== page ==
I like the courses to flow and not be choppy. I want the terrain to lead where you ride your bike. There are some segments where you’ll make a rider turn against the terrain like an off-camber that makes them slow down, but at the same time they still have that flow and momentum of the natural landscape. Natural flow and riders being able to choose their own lines are important when you’re making a course.

What is your favorite course domestically and internationally? Is there a course that you look at and say, ‘That’s really sick,’ or that you just love to watch?

That’s another thing that’s really an inspiration to me, is European racing. I like to ride the trainer and watch those races. Koksijde is probably my favorite course. It has all the sand, and it’s just a skill race. There are not really any other venues like it. You have to actually go there to ride that type of venue.

Are there any unique considerations for the Ruts N’ Guts venue? Not just in Chisholm Park but in the region in general?

It’s not just this flat field that you think it’s going to be. I know early on that Kerry Werner in his blog was talking about all of the races he was going to go to and said “But I’m not going to Oklahoma because who would race in Oklahoma.”

I thought, “You know what dude, I am going to show you Oklahoma.” Last year, we had good response to the event, so this year I thought, “Let’s showcase all those positive qualities from last year but even in a better light.” We had done some more work in the woods and we added a staircase and few more creek crossings and it wasn’t so muddy this year so we were able to highlight a few of the features in the creek. Honestly the special consideration may sound cheesy, but we were trying to impress the people that came to Oklahoma to race their bikes.

Building on that, what would you say is the defining characteristic of ’cross in Tulsa and ’cross in Oklahoma?

I would say we’re grassroots. I say this not to toot my own horn, but ’cross was OK, ’cross was fun, and then when I started the Tuesday night ’cross practice, we started to see the fields double in size. That happens year after year and random people show up on brand new ’cross bikes.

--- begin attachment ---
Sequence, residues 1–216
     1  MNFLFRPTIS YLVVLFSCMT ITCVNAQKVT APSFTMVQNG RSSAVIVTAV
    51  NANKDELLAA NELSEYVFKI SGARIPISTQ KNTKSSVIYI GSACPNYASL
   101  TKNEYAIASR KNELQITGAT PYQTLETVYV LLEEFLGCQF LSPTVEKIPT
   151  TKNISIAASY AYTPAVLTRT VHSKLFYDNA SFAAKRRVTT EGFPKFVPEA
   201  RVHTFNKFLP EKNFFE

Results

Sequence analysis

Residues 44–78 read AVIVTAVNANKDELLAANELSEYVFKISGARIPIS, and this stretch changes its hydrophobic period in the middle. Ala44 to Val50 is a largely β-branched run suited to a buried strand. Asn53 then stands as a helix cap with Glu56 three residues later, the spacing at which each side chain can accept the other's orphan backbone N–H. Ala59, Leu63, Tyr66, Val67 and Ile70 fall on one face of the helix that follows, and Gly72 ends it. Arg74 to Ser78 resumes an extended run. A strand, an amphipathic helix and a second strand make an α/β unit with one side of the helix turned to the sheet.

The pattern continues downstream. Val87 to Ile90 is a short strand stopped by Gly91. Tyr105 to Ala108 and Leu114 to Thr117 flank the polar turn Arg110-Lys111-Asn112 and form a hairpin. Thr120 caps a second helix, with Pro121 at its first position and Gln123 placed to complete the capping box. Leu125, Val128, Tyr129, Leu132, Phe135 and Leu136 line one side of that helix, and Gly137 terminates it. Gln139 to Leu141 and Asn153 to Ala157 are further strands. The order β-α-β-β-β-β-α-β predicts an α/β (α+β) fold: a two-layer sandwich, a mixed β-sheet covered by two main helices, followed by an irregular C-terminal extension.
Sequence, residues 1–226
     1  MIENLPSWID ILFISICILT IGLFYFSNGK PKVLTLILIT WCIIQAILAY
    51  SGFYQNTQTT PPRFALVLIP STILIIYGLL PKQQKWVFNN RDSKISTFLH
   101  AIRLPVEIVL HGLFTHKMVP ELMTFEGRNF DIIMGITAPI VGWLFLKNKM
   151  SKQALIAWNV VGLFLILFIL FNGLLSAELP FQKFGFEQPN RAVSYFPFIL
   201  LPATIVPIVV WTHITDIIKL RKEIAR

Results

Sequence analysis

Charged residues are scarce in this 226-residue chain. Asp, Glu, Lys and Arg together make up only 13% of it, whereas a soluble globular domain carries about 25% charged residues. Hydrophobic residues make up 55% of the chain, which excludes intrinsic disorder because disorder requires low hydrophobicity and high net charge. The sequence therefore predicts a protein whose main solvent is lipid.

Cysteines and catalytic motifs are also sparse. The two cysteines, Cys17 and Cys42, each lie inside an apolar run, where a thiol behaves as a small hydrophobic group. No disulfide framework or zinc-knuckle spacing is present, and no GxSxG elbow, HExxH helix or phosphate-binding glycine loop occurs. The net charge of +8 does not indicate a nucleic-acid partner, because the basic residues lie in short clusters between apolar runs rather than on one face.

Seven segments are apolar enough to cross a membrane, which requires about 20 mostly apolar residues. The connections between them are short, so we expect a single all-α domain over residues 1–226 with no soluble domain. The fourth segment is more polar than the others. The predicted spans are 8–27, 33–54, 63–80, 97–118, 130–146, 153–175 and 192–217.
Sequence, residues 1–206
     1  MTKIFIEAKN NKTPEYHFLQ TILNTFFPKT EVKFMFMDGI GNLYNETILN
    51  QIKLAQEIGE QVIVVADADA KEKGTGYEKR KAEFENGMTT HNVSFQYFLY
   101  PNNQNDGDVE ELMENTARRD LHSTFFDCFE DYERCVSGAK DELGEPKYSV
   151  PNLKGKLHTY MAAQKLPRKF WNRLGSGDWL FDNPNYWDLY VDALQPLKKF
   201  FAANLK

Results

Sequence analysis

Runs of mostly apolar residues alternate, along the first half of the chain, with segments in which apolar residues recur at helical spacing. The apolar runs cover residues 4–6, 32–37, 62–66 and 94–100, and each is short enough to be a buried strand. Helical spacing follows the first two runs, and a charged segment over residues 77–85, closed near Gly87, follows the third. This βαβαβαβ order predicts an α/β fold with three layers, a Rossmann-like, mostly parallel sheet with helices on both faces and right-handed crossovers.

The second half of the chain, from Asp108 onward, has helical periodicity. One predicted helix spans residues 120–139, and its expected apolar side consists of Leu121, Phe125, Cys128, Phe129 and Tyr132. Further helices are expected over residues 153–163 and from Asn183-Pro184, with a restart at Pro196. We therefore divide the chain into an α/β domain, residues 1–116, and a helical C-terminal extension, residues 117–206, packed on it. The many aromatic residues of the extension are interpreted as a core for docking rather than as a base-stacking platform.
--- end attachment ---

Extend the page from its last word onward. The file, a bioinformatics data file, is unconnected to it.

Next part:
A guy came to ’cross practice this year and it caught his interest. He said, “I don’t have much money, but can I try this?” I let him race, and he bought a license the next day and raced the whole series. His dad has an oil well site service company, so he now brings us free light towers to use during the night. He saved me probably $1,000 dollars this year on light expenses just because he loved to race ’cross, and I gave him a free ticket one day.

So I would say our scene is very grassroots. It’s not necessarily underground — the people just come out and race their bikes, and I think that’s what cyclocross is, for Tulsa specifically — it’s just grown in that aspect.

I have to interject and say that I think that the people in Tulsa are exceptionally friendly and not just in the ’cross community. When I went to the airport everyone was nice and had a conversation with me, the rental car attendant, the ticketing agent. Even the TSA guys patting me down were having a great time!

[Laughs] Southern hospitality!

What was your goal in designing the Ruts N’ Guts course?

The specific goal was to offer a bit of a challenge, which as we found out was not as much a challenge for the elite riders as we thought it would be. I wanted it to be fun for our youth and other category riders, and our main goal was to prove what Oklahoma and Tulsa have available. Surprisingly it worked, because we did receive a lot of compliments. To have that in the back of people’s minds, like, “Oh yeah I would go back there and race,” I believe that was our goal. [We wanted to make it] a worthwhile venue.

Was there any feedback this year that stood out, like one of the pros or someone coming in from out of state?

Katie Compton’s husband, Mark Legg, Tweeted that it was a Nationals-level venue and event, so that was really impressive. Katie raved about the course the first day. She was like, “I love the way it flows.” The funny thing is last year I built the course in the Saturday direction, but a lot of people preferred it the Sunday direction. Even as a course designer and builder you never know what you’re going to get.

Katie Compton at Ruts N’ Guts 2016.

Allen Krughoff on Friday rolled by and said, “Awesome course man! Best course I’ve ridden all year!” I just laughed and was like, “Allen dude, don’t blow smoke up my butt, man.” As the weekend progressed it became clear that people really liked the course.

It was cool and I’m just like, “Gee thanks guys! I’m just a dude that sticks stakes in the ground in a park!”

Well, anyone can stick stakes in the ground. It’s important to put them in the right spot. Last question: What do you think about pro-only sections, having something that appeals to amateurs, and then having another section for the elites be pro-only?

I am not necessarily for it. I think that it’s better to let everyone enjoy the same course and ride the same course that the elites are riding. It mostly stems from our juniors. One year, I tried to shortcut the course for the juniors, so that they could do fast laps or more laps. They didn’t like it. They wanted to ride the same course that everyone else was riding.

Part of me feels like I’m shortchanging the general-population rider if I don’t allow them to experience every feature. My only caveat would be if pro-only sections are challenging enough that it would be dangerous to the general population. Overall, though I like everyone to ride the same course.